By Jane Greeley, Medill, Immigrant Connect                          May 2021

I’m sitting on the couch beside my mom, my head leaning against her shoulder. Her phone dings, and she reaches over me to grab it. It’s a text containing a photo. She opens it up and shows it to me. It’s my babysitter, Nene, at her naturalization ceremony. She’d passed the test and taken the oath. She was on the verge of officially becoming a citizen.

As I got older, I would learn about things like work visas and green cards. At the time, when Nene’s citizenship process was explained to me, all I really grasped was that she was not a citizen yet. She was working on it, and passing a test was an important part of it. It had all felt abstract until I saw that photograph.

Nene’s real name is Leona. I’ve affectionately called her Nene since the time I could form syllables. Growing up, I knew that Nene was from St. Lucia. I ‘d never considered it something that made her less American than me. She’d been with my family since I was 18 months old. Whenever I would talk about her, I’d affectionately call her my third parent. Growing up in New York City where so many people come from other places, I didn’t see Nene’s identity as being much different from someone who‘d moved from another state. I’d never thought of citizenship as a concept that extended far beyond a place of residence.

She was friends with the other babysitters in our neighborhood. My younger sister and I listened intently to the “broken French” Nene spoke with them. When we walked around with Nene, we tried to imitate it and catch on to some common words and phrases.

We hung on her every word when she told us stories about St. Lucia or sang us nursery rhymes she knew from her childhood. We admired and envied deeply that she knew another language and had called another place home.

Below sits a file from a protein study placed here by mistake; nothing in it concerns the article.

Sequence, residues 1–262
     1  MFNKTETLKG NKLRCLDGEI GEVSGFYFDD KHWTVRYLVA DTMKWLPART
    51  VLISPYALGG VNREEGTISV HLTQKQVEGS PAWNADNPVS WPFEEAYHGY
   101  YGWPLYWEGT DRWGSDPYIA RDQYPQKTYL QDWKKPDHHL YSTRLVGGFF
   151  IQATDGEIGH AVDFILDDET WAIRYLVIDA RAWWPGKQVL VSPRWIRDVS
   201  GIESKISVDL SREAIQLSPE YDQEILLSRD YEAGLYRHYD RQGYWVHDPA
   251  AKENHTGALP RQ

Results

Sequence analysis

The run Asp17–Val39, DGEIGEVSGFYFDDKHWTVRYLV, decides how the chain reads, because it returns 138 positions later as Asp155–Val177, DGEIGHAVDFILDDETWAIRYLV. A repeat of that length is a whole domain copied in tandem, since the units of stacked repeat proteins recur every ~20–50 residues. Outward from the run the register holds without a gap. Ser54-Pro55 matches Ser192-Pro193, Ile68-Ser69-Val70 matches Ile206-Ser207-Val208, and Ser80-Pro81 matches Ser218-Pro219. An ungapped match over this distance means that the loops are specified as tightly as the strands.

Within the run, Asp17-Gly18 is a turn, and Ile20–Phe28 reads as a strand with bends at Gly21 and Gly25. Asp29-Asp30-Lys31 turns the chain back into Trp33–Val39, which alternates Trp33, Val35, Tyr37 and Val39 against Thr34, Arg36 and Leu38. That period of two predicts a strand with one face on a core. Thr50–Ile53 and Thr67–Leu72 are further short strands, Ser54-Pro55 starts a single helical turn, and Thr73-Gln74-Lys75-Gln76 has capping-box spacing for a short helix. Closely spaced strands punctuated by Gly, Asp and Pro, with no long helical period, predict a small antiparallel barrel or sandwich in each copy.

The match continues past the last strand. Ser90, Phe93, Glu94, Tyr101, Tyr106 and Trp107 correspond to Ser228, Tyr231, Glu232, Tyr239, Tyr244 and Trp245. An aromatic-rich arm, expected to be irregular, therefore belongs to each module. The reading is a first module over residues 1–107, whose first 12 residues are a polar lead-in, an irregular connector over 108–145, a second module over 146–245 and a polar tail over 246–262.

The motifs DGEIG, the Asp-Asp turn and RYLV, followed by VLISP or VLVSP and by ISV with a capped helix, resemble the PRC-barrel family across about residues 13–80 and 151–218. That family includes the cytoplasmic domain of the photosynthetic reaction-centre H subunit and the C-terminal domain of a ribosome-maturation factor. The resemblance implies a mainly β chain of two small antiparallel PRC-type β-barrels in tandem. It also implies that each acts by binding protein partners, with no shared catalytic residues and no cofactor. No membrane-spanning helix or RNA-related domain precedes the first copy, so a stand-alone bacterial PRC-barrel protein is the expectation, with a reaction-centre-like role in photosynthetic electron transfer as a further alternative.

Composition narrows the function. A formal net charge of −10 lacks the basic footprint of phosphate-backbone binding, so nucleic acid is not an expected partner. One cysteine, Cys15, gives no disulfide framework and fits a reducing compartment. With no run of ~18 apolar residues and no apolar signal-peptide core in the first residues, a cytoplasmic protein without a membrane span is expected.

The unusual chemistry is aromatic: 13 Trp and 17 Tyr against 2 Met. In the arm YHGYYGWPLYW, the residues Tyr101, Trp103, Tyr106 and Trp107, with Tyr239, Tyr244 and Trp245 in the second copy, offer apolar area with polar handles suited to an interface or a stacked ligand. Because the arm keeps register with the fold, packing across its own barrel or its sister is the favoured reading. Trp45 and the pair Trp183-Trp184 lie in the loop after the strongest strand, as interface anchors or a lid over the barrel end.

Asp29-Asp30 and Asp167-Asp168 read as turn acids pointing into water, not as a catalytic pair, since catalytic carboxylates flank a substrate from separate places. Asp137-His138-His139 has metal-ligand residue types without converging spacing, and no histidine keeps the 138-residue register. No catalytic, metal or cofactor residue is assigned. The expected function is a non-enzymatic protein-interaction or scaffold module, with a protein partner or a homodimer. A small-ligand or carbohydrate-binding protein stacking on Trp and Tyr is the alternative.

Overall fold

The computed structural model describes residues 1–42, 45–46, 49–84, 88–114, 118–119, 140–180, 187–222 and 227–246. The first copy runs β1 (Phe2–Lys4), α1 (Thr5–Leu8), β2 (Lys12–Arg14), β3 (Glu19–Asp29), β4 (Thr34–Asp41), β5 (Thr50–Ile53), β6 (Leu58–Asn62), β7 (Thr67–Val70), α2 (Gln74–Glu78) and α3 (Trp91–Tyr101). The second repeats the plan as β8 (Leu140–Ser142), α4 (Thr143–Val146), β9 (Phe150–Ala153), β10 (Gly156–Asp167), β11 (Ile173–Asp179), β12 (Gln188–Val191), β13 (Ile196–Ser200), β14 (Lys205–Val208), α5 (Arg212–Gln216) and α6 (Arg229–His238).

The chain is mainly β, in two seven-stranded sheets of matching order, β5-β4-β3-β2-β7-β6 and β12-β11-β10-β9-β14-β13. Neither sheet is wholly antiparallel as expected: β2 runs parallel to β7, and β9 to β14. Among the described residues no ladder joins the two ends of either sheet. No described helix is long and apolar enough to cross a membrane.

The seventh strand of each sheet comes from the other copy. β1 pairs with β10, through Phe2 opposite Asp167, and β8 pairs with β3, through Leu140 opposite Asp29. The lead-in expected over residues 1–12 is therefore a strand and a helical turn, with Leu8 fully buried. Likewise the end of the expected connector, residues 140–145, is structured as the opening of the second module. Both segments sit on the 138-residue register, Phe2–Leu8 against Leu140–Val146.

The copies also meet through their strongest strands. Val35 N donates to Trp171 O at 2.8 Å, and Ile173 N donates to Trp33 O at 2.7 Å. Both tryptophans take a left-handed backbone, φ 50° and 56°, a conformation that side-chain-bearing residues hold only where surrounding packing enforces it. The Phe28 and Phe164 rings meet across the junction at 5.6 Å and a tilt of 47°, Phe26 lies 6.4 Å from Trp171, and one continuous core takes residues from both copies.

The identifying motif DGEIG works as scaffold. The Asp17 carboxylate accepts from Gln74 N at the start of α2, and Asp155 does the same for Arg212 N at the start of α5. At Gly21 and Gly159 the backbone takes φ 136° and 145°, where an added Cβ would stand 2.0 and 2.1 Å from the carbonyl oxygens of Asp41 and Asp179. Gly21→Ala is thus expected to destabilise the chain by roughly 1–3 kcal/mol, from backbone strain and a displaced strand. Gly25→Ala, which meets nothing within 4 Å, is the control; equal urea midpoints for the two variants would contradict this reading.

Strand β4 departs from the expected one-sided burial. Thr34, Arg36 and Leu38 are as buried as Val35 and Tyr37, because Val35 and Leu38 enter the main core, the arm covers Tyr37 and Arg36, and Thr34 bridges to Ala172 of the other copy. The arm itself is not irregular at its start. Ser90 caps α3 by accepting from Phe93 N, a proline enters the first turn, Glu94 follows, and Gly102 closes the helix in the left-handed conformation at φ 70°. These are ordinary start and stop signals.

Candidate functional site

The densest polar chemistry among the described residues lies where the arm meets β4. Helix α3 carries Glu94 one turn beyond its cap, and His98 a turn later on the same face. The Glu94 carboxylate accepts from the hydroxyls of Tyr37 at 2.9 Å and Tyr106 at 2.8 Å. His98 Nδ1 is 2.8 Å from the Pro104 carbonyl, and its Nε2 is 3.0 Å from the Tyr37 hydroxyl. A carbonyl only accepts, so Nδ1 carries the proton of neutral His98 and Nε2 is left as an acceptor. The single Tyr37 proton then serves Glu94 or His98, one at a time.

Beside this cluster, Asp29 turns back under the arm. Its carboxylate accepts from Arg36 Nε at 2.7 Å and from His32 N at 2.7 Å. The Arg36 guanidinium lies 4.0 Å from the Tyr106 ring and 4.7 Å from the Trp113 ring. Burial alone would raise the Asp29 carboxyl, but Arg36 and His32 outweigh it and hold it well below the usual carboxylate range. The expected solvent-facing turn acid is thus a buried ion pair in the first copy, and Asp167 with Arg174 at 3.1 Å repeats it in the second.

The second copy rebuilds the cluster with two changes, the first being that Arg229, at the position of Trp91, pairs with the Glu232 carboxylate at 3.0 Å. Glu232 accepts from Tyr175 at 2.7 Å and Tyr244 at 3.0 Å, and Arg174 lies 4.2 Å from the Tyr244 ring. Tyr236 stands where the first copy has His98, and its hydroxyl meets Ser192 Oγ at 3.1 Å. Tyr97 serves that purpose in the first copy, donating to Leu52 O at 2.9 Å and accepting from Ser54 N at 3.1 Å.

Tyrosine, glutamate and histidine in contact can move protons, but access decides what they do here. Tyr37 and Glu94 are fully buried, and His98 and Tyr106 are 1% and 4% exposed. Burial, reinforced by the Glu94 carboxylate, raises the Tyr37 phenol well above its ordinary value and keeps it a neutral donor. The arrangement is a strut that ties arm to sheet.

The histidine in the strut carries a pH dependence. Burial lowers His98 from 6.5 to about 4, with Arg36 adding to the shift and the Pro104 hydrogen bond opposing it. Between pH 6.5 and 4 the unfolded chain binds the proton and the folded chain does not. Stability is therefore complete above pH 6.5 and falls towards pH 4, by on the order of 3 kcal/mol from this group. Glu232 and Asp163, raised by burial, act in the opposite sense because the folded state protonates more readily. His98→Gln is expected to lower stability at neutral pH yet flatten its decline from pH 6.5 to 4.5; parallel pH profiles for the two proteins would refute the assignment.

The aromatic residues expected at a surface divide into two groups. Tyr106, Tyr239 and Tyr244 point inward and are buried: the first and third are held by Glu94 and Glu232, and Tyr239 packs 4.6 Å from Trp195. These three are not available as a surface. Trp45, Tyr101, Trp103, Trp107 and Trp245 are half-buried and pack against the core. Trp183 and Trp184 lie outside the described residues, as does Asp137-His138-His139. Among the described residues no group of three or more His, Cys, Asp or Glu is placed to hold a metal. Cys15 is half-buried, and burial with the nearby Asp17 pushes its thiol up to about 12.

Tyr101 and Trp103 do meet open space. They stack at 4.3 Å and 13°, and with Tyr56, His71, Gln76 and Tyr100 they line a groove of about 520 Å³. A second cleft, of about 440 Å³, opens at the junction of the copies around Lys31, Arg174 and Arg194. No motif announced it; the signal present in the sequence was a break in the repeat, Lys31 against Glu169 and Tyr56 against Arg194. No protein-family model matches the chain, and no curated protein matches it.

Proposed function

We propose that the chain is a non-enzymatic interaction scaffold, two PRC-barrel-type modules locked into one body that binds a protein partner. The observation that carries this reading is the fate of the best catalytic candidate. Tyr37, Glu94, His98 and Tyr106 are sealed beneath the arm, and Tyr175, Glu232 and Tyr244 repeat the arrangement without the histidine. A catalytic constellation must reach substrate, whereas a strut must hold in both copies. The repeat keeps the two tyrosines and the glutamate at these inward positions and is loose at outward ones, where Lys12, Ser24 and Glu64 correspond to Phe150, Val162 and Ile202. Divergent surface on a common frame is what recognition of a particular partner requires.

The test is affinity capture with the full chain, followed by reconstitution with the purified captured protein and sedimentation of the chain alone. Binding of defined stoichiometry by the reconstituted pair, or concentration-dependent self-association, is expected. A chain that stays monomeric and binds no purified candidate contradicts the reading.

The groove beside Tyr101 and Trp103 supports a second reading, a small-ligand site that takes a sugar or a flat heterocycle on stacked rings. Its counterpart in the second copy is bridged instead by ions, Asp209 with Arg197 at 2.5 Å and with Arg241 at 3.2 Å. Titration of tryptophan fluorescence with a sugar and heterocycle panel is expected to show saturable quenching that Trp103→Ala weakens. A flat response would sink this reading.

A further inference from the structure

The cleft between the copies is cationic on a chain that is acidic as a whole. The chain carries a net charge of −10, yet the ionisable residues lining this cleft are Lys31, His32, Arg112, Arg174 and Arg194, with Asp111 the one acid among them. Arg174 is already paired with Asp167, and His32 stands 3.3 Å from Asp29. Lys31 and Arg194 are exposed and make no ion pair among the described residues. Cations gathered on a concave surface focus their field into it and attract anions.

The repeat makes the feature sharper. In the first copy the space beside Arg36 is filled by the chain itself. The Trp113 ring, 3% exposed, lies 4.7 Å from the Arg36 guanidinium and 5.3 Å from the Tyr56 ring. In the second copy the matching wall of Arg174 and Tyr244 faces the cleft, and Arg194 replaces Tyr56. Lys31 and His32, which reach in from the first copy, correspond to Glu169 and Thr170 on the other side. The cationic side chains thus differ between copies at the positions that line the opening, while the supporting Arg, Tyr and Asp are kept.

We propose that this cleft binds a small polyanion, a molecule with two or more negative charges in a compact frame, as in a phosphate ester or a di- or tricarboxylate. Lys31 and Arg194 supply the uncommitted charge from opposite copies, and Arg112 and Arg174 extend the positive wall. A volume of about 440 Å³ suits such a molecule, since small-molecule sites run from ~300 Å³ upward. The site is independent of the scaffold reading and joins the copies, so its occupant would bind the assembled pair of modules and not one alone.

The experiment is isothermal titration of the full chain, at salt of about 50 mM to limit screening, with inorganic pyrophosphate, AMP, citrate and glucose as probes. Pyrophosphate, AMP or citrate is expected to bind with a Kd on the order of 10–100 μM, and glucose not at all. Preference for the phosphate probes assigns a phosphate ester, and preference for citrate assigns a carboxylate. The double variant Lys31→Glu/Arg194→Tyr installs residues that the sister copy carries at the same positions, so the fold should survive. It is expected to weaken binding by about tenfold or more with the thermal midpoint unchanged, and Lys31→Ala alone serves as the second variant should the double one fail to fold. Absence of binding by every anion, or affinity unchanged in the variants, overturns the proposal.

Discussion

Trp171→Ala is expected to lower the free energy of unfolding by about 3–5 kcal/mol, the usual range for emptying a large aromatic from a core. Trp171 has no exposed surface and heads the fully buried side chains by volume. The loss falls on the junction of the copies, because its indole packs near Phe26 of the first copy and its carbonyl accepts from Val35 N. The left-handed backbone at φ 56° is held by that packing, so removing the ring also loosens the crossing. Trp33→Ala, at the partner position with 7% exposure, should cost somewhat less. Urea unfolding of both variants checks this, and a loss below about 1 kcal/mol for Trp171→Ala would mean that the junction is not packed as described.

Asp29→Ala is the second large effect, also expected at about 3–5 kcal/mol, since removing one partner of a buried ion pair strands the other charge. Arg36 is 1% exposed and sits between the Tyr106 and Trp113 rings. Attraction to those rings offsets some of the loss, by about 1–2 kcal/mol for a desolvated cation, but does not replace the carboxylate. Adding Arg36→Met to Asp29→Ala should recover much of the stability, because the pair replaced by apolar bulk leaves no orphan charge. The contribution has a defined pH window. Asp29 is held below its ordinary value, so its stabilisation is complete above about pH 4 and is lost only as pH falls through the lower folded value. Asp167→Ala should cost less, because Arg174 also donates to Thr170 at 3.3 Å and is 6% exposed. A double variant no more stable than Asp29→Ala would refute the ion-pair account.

Nene and me on my 6th birthday.

For months, Nene and I had been practicing for her citizenship test. I spent hours reading the index cards she’d written out in her loopy cursive, asking her questions like, “What are the three branches of government?” Many of the subjects we reviewed were too advanced for my limited elementary school civics knowledge. I came to memorize the answers.

Her brow furrowed when she got one wrong. Her eyes narrowed with the discipline I’d come to recognize. This happened less and less as time passed. I could tell she was studying in her free time. She recited facts about Abraham Lincoln or the Louisiana Purchase. After so much practice, I was still confused why any of those things mattered so much.

The idea that knowing random facts about former Presidents or the Constitution would elevate her to the status I had simply by being born here felt downright unfair. I knew that my parents, who were adult U.S. citizens, didn’t know the answers to a lot of the questions that those going through the naturalization process were expected to know.

Nene was a  pragmatic, driven person. And so, we studied.

In this moment sitting beside my mom, I start to understand just how meaningful those hours spent flipping through index cards were. Even though it’s through the small screen of my mom’s phone, I can feel Nene’s joy.

What sticks with me about that photo is her smile. It conveys pride in her dual identity: St. Lucian and American, an intersection she had occupied for more than 20 years without the validation of official U.S. citizenship. I was merely 10, not old enough to understand the gravity of the moment. Nene’s beaming face communicated everything I needed to know.